Here’s What You Need to Know about Team Driving
Perhaps the first thing to get right about team driving is to find a way to get lucky! Good teams are made in truck heaven, which must be a place because there are some really good driving teams, many of who stay permanently in the OTR zone.
The bottom line is that if you do not have a partner that you gel with, you will never discover the synergy that you came looking for in the first place. Without synergies, there are no multiplied gains.
Soon you will begin to question the basic advantage of being in a team-driving situation, and before long, you will be back to driving solo. Therefore, your success in team driving is squarely dependent upon being able to find the right partner. If you’re thinking of becoming a team driver, here’s everything you need to know.
How Was Team Driving in the Past Versus Today?
The best parts about team driving continue to remain unchanged: companionship, opportunities to learn, an immediate support structure, a shared mission, and at the end of it all, improved earnings. But not everything is the same either. Today, individualism and rigid boundaries define interpersonal relationships, and self-sufficiency is paramount.
Unlike previously, your teammate would not expect you to be looking up alternate routes or managing your logbook for you. Nowadays, you’ll rely on GPS, which may just be your only option; your partner would plan to rest or relax the whole time that he has off.
There is a stronger concept of pride, a sense of identity and of course, equality in our times. In fact, some drivers may have that point driven home to them, having to acknowledge teams with female team members.
The more quickly you will adapt to these basic realities, the better the quality of your next OTR trip.
Benefits of Team Driving
If you haven’t quite made up your mind yet, there are pointers underneath to help. Although, some people will tell you: you’re either a team driver or you are not. A team driver would tell you how much more beneficial team driving is versus going solo. Between the two of you, your rig will work doubly hard, and if there is even a bit of synergy, you’ll likely be more productive.
Customer acquisition, satisfaction, and turnover rates are improved because you are able to finish jobs twice as fast. People will come to you preferentially because it’s going to cost them the same. And they will keep you (rather, your unit) in mind for when a particularly long, off the beaten path ORT trip materializes (read tons of money for the two of you).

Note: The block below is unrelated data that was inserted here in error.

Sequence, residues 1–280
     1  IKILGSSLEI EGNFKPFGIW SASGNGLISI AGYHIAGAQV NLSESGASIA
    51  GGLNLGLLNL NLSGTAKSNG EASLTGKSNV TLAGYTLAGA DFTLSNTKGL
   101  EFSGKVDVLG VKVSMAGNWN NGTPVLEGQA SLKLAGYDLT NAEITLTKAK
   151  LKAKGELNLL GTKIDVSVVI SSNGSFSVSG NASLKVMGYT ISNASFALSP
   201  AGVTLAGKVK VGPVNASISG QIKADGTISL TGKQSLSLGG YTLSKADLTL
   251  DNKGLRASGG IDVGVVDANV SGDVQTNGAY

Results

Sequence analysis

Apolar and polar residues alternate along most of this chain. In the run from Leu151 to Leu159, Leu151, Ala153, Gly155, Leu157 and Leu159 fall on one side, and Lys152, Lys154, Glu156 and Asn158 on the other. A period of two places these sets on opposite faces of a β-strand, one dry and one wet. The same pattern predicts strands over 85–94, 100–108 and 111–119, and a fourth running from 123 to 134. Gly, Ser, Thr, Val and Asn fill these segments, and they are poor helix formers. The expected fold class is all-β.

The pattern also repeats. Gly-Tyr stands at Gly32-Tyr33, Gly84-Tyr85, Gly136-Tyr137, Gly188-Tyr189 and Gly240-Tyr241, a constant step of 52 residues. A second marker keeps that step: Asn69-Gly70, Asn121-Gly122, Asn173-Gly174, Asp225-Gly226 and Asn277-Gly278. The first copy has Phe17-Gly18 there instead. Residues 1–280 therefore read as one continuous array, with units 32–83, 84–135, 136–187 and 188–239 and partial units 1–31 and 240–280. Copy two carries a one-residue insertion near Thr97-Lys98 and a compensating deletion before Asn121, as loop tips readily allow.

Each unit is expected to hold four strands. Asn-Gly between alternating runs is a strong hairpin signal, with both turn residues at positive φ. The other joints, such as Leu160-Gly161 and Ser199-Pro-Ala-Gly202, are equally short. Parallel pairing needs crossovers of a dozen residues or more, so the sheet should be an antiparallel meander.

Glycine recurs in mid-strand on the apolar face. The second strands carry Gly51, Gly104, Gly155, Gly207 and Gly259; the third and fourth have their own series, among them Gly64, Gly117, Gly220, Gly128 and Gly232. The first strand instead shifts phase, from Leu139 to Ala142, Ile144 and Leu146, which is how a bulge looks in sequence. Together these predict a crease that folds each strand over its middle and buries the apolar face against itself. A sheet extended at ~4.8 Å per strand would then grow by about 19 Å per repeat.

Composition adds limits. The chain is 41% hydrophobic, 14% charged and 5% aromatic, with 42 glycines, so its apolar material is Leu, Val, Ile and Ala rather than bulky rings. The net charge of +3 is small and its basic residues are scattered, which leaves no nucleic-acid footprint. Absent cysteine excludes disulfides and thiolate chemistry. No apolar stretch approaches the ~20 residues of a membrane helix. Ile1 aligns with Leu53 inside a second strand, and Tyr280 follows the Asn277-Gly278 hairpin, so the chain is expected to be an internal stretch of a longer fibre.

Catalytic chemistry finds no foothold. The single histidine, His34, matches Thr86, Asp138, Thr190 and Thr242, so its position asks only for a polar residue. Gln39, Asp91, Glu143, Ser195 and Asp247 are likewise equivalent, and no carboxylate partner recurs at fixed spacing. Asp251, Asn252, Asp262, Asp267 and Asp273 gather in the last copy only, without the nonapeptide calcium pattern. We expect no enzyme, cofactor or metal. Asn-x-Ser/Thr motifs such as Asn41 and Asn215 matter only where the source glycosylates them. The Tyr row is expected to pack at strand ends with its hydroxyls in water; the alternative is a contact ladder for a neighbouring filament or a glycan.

On the internal front, you stand to save enormously, especially with handling minor repair work that would have needed an extra set of hands – likely at a station. Not to mention savings on time, effort and the hassle involved in dealing with a repair service. Bottom line is, if you are able to tolerate one another in the small space the rig affords you, yours is the trucking world and everything inside.
But then, as advantageous as this arrangement may sound, it is not for everyone.
The Challenges of Sharing Your Space
The world of today is built upon empowerment. With that feeling of invincibility, people find a lower motivation to collaborate and make even less effort. Teamwork is challenging to begin with, and an attitude of “my way or the highway” can exacerbate the situation.
That brings us to the shortage of resources as perhaps the most formidable challenge of sharing space; that and the eventual violation of privacy.
For example, you would have to get used to individual styles of driving (your partner may not like to rest their foot off of the clutch pedal). If how the rig is being driven somehow does not make you mad, try paying attention to where the rig is going, and how it’s getting there.
To keep your calm at the nuances (and the crimes) contained in your partner’s driving requires near-absolute enlightenment – when you’re in a jungle already. On the road, it’s another story altogether.
Then take into account the health situation. You’re likely never sleeping ever again in a parked (and peaceful) rig! Otherwise, the economics would be all wonky. Being in a closed space, your health output is tied to one another.